Daily Current Affairs 14-12-2023


    SR Bommai Judgment 

    Syllabus: GS2/Indian Polity

    In Context

    • In upholding the abrogation of Article 370, the Supreme Court relied on its landmark 1994 judgement in SR Bommai v Union of India.

    State Emergency in India

    • President’s Rule is when the state government is suspended and the central government directly administers the state through the office of the governor.
    • Article 356 of the Constitution of India is based on Section 93 of the Government of India Act, 1935.
    • Grounds: If the President receives a report from the state’s Governor or otherwise is convinced or satisfied that the state’s situation is such that the state government cannot carry on the governance according to the provisions of the Constitution.
      • Article 365: President’s Rule can be imposed if any state fails to comply with all directions given by the Union on matters it is empowered to.
    • Approval by Parliament: The imposition of the President’s rule requires the sanction of both the houses of Parliament.
    • Duration: If approved, it can go on for a period of six months. However, the imposition cannot be extended for more than three years and needs to be brought before the two houses every six months for approval.

    What happens after the President’s Rule is imposed?

    • The governor carries on with the administration of the state on behalf of the President. 
    • He or she takes the help of the state’s Chief Secretary and other advisors/administrators whom he or she can appoint.
    • The state legislative assembly would be either suspended or dissolved by the President.
    • When the Parliament is not in session, the President can promulgate ordinances with respect to the state’s administration.
    • Revocation: A proclamation of President’s Rule may be revoked by the President at any time by a subsequent proclamation.
      • Such a proclamation does not require parliamentary approval.

    Concerns with the Use of Article 356

    • Potential for Political Misuse: In its 2015 report, Sarkaria Committee noted that since independence, it has been used over 100 times. In almost all cases it was used for political considerations rather than any genuine problem.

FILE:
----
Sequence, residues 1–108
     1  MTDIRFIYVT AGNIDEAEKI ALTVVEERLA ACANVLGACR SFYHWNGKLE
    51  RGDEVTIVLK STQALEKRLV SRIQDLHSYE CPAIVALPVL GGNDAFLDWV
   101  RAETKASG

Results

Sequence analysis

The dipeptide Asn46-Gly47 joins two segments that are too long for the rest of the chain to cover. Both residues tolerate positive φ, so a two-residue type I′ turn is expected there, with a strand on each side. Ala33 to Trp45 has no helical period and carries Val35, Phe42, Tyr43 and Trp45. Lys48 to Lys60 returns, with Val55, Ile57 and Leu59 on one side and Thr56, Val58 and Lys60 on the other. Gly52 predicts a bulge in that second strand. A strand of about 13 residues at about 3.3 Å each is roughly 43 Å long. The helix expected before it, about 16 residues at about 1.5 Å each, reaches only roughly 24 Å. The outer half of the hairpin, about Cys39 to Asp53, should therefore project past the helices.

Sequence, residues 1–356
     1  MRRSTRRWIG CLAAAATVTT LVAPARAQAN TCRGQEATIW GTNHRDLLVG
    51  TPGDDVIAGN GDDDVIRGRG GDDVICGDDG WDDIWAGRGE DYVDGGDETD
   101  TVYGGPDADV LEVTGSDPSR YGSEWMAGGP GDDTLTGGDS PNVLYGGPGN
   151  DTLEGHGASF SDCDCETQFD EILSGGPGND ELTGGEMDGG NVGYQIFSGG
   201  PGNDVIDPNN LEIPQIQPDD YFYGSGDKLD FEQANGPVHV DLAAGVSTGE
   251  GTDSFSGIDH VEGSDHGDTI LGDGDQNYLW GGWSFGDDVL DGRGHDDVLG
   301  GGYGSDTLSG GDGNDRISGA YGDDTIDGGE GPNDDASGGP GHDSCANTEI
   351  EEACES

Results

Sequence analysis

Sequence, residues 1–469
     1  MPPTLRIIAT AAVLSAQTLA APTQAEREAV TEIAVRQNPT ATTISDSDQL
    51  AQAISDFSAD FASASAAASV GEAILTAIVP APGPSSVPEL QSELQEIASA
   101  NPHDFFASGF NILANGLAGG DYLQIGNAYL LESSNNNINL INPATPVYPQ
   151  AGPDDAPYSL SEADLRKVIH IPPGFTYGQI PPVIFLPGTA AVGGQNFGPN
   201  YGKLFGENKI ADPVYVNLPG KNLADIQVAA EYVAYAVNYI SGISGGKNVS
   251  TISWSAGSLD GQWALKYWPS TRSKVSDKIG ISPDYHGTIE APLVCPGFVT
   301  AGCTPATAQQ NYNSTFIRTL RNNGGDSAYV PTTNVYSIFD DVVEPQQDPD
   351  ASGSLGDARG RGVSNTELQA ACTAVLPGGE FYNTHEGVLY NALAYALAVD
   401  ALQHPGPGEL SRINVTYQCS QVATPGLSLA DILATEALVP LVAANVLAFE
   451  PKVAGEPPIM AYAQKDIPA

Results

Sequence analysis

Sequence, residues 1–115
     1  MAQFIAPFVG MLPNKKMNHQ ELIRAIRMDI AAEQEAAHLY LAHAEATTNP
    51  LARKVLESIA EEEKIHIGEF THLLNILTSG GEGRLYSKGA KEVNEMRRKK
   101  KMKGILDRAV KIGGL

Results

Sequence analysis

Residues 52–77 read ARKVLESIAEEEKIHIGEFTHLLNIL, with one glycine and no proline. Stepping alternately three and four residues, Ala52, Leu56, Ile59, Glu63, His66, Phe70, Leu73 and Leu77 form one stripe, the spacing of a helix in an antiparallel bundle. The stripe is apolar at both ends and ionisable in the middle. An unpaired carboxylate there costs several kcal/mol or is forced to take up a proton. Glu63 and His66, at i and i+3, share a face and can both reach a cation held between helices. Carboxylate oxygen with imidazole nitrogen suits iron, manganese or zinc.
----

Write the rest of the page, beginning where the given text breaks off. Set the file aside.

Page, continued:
• Erosion of Federalism: Article 356 allows for the temporary suspension of a state government and the imposition of direct central rule and critics argue that this undermines the principles of federalism by concentrating power in the hands of the central government. 
    • Judicial Scrutiny: The process of judicial review often takes time, and by the time a decision is reached, the damage to the democratic process in the state may already be done.
    • Impact on Stability and Governance: The imposition of President’s Rule can create a period of instability in the affected state. This can have repercussions on the delivery of public services and the overall stability of the state.
    • Public Mandate: The dismissal of a popularly elected government through President’s Rule may be seen as overriding the will of the people.
    SR Bommai Judgment
    – Background: In 1989, the Union government dismissed the Karnataka government by imposing President’s rule.
    a. The Karnataka Governor recommended to the President that he take over the state’s administration.
    SC Verdict: The SC unanimously held that the President’s proclamation can be subject to judicial review on grounds of illegality, malafide, extraneous considerations, abuse of power, or fraud. 
    a. While the President’s subjective appraisal of the issue cannot be examined, the material relied on for making the decision can be reviewed.
    Guidelines Laid by the SC
    – Parliamentary Approval: It made Parliamentary approval necessary for imposing President’s rule. 
    a. Till then, the President can only suspend the state legislature. 
    b. If the Parliament does not approve the proclamation within two months, then the government that was dismissed would automatically stand revived.
    Test of Majority: The majority enjoyed by the Council of Ministers shall be tested on the floor of the House.
    Prior Warning: The centre should give a warning to the state and a time period of one week to reply.
    Breakdown of Constitutional Machinery: Article 356 is justified only when there is a breakdown of constitutional machinery and not administrative machinery
    Significance: The judgment, therefore, restricted the arbitrary use of Article 356 and emphasized the principles of federalism and the autonomy of state governments.
    a. It is considered a crucial decision in upholding the democratic and federal structure of the Indian Constitution. 
    b. The SR Bommai case has had a lasting impact on Indian politics and has been cited in subsequent cases dealing with similar issues.